BL: Gear isn’t my favorite part of these trips, but it’s so essential. I’m very (some may say overly?) meticulous with most aspects of my life, and gear on expeditions may epitomize this. One thing that was an absolutely necessity, regardless of how “light and fast” we were going with gear, was satellite communication. Mary and I each had an inReach device on us at all times. Because if something happens to one person—they fall into a crevasse, off a mountain, or lose their backpack—and they have the only satellite communicator that would have put us in a very bad position. Instead, we each had one, turned on and tracking, at all times. No compromises, no excuses, no discussion.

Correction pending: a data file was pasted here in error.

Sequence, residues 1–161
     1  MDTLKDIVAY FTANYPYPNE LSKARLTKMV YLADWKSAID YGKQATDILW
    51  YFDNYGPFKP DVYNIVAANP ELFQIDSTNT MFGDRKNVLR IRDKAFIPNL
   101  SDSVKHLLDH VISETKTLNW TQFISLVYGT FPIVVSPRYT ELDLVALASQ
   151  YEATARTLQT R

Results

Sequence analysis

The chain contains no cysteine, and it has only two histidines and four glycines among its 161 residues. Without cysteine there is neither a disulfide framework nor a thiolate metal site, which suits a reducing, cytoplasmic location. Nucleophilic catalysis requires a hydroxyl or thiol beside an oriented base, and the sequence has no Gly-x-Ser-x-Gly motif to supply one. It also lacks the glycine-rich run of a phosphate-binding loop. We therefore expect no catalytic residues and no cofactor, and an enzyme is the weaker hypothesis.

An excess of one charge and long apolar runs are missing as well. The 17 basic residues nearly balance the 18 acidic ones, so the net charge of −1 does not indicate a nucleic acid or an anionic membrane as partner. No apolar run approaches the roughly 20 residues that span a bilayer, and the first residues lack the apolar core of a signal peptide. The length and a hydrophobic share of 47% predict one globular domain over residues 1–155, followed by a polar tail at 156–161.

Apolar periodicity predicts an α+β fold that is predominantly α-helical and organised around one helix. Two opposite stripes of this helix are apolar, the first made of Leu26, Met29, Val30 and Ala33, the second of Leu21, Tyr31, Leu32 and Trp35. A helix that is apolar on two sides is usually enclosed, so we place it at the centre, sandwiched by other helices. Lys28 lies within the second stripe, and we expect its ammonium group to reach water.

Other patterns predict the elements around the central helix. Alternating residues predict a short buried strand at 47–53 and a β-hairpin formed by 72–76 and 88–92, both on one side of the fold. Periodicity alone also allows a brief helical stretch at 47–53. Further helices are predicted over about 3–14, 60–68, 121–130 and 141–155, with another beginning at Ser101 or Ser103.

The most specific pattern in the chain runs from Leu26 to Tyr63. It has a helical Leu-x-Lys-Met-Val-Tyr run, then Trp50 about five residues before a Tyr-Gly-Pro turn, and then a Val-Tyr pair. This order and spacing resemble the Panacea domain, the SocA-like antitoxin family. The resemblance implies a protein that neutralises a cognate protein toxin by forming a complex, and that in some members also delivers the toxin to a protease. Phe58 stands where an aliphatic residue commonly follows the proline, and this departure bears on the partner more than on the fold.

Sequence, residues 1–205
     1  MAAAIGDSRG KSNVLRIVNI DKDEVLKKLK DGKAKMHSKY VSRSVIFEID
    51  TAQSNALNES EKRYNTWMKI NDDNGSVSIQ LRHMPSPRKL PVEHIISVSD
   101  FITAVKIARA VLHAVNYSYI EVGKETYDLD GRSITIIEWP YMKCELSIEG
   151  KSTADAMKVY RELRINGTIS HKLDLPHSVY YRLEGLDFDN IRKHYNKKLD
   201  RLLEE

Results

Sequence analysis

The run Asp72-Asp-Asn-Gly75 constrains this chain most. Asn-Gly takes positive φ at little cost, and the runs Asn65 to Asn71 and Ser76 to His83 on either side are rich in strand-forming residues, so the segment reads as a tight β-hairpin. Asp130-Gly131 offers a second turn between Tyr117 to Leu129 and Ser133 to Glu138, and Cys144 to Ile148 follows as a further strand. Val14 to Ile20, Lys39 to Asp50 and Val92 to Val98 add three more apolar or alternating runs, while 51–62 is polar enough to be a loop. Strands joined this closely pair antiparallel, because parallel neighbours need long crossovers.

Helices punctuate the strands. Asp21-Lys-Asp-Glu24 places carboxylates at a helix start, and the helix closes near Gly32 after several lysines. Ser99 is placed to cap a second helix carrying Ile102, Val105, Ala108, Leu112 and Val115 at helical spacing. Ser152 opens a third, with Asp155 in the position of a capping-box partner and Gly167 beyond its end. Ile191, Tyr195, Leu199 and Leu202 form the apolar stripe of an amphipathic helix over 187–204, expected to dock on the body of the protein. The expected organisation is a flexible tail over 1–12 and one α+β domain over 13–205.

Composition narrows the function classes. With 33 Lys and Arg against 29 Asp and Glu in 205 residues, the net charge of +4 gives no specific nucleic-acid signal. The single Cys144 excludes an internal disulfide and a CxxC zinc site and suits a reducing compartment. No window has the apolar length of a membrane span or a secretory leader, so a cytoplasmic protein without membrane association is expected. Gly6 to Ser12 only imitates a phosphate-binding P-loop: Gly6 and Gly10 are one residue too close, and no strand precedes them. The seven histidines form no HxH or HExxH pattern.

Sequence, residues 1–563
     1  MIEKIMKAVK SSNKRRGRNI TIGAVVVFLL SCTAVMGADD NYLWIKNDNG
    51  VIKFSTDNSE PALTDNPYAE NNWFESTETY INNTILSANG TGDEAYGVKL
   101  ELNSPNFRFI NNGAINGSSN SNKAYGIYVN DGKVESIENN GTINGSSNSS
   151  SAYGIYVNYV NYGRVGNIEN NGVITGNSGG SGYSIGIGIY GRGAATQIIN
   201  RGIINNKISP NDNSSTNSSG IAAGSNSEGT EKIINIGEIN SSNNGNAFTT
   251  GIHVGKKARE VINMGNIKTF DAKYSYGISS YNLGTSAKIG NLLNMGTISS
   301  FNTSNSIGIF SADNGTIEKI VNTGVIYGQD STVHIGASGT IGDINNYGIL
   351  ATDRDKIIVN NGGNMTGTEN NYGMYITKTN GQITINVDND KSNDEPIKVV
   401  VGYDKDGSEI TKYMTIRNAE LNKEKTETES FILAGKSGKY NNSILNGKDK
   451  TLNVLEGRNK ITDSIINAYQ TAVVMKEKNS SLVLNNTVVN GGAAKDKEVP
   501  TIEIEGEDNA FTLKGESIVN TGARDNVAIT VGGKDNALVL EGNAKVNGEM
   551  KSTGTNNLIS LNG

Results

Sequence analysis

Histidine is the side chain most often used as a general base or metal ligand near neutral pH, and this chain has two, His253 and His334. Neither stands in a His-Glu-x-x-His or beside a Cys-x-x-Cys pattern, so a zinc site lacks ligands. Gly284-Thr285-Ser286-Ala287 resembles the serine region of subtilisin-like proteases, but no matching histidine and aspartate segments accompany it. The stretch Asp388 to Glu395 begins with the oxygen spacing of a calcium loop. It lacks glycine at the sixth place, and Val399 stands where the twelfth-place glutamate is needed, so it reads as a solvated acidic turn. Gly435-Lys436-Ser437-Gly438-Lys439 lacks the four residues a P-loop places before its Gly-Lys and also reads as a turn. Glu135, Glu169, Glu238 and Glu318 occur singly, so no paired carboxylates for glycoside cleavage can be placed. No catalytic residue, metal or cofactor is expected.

Q: Let’s talk about elements. Was weather a factor? How did you overcome.

BL: Oh gosh, weather…always such a factor. It’s honestly the biggest factor in all of these pursuits. It plays a role in everything from the obvious—like visibility—to the less obvious—like avalanche conditions and motivation. Our first week on the glacier had pretty consistent weather: bad visibility but not horrible precipitation or wind during the day, followed by a beautiful sunset, followed by 10 to 20 minutes of clarity in the final moments of daylight. These minutes were sometimes the only things keeping us motivated, as we were able to look at the mountain and remember exactly how sick this potential ski line is, and how badly we wanted it. We probably spent 11 of our 12 daily waking hours just staring at the mountain, waiting for the clouds on it to clear. They didn’t. Not until day eight, at least.


Q: What did you do to pass the time while waiting to ski the line?